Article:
- Questions that duplicate the questions on any juror
questionnaire. However, incomplete answers on a questionnaire or
answers that need further elaboration are permitted.
- Questions regarding a variety of personal information including
political and religious views and information on past charitable
giving, hobbies, recreation, reading and viewing habits, etc.
unless they pertain to issues that may arise at trial or may affect
the juror's impartiality.
- Questions about a juror's previous service on a jury.
- Questions that are tantamount to instructing prospective jurors
on the law.
- Questions that are an attempt to persuade the juror, encourage
the juror to prejudge the case or commit to a result or do anything
other than remain impartial.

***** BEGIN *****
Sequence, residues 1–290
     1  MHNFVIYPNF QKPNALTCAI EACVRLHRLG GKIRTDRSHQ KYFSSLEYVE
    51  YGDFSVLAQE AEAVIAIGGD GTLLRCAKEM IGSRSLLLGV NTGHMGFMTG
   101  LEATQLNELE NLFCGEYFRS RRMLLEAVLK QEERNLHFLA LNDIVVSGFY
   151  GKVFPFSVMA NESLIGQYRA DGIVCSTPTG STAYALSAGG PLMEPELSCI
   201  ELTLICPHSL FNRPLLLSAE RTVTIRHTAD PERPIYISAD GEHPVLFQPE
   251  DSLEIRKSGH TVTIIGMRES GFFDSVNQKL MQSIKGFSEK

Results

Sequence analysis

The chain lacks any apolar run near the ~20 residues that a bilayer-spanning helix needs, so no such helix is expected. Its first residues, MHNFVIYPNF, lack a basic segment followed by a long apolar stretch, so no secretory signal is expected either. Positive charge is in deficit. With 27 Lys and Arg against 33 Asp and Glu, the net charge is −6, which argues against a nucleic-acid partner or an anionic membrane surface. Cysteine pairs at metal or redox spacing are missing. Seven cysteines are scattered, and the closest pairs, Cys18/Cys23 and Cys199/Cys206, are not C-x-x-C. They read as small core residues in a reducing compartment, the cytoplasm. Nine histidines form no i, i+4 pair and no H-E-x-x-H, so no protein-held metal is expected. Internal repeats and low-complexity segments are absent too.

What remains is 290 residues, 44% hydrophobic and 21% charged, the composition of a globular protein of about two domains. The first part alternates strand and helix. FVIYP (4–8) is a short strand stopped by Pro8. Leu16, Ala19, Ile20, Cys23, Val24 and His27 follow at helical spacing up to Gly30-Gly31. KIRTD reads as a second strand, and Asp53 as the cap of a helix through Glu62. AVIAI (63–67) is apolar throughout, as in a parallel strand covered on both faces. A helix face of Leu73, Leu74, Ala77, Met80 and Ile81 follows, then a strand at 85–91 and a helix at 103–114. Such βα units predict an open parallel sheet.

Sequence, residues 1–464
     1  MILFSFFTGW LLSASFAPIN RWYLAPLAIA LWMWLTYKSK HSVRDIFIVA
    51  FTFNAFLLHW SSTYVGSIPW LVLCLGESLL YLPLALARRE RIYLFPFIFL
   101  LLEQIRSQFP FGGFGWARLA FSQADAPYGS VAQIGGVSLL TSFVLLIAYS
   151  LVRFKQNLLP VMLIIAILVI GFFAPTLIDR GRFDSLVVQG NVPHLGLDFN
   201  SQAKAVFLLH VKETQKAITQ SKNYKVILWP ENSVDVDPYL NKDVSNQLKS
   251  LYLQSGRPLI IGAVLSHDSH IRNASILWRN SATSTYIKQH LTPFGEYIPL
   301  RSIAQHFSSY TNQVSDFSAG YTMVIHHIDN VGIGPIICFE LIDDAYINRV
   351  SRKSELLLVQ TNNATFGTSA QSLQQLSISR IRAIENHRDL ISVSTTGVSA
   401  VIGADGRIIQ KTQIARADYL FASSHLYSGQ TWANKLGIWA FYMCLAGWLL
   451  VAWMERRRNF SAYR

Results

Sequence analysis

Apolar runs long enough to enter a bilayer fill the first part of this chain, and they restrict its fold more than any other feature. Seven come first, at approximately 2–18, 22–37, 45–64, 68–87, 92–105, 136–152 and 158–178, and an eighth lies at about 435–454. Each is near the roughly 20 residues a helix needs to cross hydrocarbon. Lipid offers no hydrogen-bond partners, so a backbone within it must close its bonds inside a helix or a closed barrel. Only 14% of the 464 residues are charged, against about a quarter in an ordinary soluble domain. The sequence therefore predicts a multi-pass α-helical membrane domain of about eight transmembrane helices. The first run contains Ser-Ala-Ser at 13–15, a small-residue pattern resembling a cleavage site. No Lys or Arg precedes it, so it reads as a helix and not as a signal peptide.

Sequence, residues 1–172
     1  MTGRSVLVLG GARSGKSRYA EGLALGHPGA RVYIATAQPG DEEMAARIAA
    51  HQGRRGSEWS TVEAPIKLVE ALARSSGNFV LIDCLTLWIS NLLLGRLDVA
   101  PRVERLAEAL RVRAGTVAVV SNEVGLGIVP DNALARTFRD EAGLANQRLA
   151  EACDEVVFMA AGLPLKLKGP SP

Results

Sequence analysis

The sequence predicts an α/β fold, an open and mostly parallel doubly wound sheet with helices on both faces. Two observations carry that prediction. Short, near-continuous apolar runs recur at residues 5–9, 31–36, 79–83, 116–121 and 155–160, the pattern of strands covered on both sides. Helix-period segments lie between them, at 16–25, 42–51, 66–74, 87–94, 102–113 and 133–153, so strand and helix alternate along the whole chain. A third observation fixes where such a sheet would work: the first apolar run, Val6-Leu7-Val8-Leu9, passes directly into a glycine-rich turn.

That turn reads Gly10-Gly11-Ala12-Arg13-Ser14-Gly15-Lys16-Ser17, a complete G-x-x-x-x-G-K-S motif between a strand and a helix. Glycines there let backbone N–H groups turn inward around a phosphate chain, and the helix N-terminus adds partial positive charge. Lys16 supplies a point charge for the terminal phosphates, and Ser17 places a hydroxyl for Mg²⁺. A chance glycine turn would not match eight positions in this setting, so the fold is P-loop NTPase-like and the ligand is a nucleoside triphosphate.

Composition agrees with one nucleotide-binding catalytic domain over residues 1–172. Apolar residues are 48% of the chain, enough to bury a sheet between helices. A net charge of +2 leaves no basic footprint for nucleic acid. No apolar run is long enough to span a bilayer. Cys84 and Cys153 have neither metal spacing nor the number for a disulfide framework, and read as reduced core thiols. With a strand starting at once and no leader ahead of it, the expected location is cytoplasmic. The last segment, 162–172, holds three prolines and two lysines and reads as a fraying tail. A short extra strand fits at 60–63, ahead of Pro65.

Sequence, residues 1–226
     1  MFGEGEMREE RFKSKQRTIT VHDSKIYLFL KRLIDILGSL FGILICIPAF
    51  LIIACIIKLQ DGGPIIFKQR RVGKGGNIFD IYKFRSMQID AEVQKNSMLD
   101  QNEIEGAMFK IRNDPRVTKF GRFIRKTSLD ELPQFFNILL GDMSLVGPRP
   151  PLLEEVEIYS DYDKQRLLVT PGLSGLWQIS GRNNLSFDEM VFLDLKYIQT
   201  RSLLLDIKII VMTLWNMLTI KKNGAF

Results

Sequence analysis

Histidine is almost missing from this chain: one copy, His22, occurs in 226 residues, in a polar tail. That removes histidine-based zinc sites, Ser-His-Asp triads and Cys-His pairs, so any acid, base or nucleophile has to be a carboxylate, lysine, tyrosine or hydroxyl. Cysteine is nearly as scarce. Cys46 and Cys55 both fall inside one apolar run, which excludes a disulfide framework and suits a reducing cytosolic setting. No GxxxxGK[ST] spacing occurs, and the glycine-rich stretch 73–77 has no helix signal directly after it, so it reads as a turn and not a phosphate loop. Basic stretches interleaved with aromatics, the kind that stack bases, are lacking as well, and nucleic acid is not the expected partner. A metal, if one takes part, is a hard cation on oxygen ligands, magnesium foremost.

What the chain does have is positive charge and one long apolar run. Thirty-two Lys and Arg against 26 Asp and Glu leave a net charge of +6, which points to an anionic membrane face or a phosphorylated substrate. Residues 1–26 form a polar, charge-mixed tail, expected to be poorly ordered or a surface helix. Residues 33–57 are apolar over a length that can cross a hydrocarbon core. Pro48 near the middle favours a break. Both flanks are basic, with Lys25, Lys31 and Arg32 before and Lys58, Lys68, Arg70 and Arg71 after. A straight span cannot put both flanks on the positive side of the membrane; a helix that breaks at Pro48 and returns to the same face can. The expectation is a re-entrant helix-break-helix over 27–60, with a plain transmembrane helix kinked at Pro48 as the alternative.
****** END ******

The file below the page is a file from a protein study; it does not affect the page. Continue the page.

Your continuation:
- Questions that require a juror to guess about facts or
- Questions that might embarrass or offend the juror or invade
Prior to voir dire the judge shall:
- Give a brief description of the case and related
- Give a rudimentary description of legal principles relevant to
- Explain the empanelment process and, upon request, might permit
the attorneys or self-represented party to also make a brief
statement explaining the process. The jurors should be informed
that, if a question is invasive of their privacy, they may request
to decline to answer or have the questioner take steps to better
ensure their privacy.
- Ask all questions required by law to the prospective jurors
possibly as a group. Yet at least some of the questions must be
asked individually outside the earshot of other prospective
- Excuse jurors if it is determined that service would be a
hardship or they could not be impartial.